A car bomb exploded early Thursday near a Jewish shrine in the West Bank as hundreds of Israeli worshippers prayed there, causing no injuries but damaging nearby Palestinian homes and underscoring the vulnerability of the Mideast truce declared last month.
Palestinian leader Mahmoud Abbas, meanwhile, urged Egyptian President Hosni Mubarak to intervene personally to ensure that both Israelis and Palestinian factions adhere to an agreement reached last month, including a pledge of nonviolence.
Abbas, who met with Mubarak at the Egyptian resort of Sharm el-Sheik, also said he expects the Palestinian militant groups Islamic Jihad and Hamas to take part in a meeting of Palestinian factions planned for mid-March in Cairo.
Near Joseph's Tomb
It was not clear whether the explosives went off prematurely or whether the Joseph’s Tomb shrine was even the target. The blast went off several hundred yards from the shrine, on the outskirts of the Palestinian city of Nablus.
The explosion blew out apartment and car windows and scorched storefronts. There was no claim of responsibility.
Joseph’s Tomb has been one of the flashpoints of fighting in the past four years of violence. At the start of the Palestinian uprising, Israeli troops withdrew from the enclave, which was largely destroyed by Palestinian militants. Since then, the Israeli military has barred Jewish worshippers, except for special visits under army protection.
In Israel, Vice Premier Shimon Peres said Thursday that Abbas’ government is making progress toward imposing order — despite the Nablus bomb, last week’s Tel Aviv suicide bombing and other attempts by Palestinian militants to torpedo the peace movement.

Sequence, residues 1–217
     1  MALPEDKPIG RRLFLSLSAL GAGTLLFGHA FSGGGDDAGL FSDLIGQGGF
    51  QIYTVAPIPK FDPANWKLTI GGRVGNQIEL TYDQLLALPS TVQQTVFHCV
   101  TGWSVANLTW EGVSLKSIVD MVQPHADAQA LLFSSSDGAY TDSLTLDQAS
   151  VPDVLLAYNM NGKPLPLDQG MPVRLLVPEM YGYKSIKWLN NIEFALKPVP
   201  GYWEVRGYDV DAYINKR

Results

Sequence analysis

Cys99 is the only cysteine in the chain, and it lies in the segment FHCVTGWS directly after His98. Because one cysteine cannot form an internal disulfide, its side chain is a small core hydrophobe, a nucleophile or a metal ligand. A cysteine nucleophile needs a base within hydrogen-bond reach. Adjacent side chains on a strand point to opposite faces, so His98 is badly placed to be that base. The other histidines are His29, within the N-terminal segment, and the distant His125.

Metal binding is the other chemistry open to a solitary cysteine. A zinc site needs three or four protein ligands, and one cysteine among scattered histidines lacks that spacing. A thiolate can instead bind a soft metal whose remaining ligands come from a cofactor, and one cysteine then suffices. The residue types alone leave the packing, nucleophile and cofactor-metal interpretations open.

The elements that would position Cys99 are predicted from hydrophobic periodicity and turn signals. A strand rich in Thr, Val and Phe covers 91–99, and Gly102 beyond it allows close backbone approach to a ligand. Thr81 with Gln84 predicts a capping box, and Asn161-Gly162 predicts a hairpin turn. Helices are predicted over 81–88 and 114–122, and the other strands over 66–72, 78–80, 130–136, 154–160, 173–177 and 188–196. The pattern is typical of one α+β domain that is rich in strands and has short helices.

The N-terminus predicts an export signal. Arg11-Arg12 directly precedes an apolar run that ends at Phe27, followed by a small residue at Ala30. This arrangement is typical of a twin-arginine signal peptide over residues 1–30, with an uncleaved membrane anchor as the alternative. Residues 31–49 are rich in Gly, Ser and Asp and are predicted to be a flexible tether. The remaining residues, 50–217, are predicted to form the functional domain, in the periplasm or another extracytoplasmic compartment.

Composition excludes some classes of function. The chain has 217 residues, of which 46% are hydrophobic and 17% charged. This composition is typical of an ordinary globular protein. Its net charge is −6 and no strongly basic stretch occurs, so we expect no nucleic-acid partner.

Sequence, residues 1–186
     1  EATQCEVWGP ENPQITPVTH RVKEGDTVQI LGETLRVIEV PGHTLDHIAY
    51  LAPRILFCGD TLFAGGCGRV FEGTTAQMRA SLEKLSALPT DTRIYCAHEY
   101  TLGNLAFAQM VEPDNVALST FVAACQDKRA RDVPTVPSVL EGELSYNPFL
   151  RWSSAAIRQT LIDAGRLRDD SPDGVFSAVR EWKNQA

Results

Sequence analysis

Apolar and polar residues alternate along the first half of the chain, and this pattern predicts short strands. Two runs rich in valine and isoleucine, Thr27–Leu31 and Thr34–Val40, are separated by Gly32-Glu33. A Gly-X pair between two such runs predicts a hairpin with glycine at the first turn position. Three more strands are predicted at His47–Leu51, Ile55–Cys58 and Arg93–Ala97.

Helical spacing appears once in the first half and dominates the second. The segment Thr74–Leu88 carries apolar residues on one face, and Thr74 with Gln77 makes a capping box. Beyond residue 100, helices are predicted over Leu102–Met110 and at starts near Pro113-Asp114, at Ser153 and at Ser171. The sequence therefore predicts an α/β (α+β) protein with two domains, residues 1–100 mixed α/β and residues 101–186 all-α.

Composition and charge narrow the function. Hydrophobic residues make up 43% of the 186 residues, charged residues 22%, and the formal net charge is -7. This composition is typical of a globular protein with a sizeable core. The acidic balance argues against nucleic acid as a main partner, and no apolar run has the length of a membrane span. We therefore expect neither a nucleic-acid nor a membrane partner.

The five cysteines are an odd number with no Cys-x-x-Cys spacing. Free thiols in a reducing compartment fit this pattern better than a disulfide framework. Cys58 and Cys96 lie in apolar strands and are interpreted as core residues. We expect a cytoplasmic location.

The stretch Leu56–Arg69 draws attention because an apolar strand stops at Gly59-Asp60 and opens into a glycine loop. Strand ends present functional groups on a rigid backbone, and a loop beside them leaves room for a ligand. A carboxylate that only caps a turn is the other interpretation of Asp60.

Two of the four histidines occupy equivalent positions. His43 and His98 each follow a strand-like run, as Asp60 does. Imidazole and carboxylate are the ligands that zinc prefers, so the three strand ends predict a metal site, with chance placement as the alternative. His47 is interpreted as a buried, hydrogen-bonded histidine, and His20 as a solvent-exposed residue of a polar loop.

Peres met Wednesday night in Tel Aviv with Palestinian Cabinet minister Mohammed Dahlan for talks on economic issues, the first high-level meeting between the sides since the nightclub bombing which killed five Israelis on Friday. That attack was claimed by the militant Islamic Jihad.
“There is a change, a deep change and some of the things the Palestinians have done are worthy of praise,” Peres told Israel Army Radio, giving as one example the deployment of Palestinian police in the Gaza Strip to prevent the firing of locally made Qassam rockets at Israeli targets.
“There is relative calm. Certainly there are people trying to destroy peace efforts, that doesn’t surprise me,” he said.
Israeli security officials say Palestinian security forces have arrested several Islamic Jihad activist since the Tel Aviv bombing. Overnight, Israeli troops arrested four more members of the group.
Greenhouses might be turned over
Peres said he discussed with Dahlan the possibility of Israel handing over 1,000 acres of greenhouses in Gaza settlements to the Palestinians after its planned withdrawal in the summer.
Yonatan Bassi, the senior Israeli official overseeing the withdrawal, said Wednesday that peppers and tomatoes grown in the greenhouses could help feed the 1.3 million Palestinians packed into the narrow coastal strip. Luxury items such as flowers and strawberries would be exported, mainly to the European Union.
A study published last year by the United Nations and the U.S. Agency for International Development said seven out of 10 Palestinians were living on insufficient food, and the United Nations put unemployment in Gaza at more than 22 percent.
A USAID official in Tel Aviv said 3,000 Palestinians were currently working in settlement greenhouses and that turning them over to Palestinian ownership could create a further 7,000 jobs.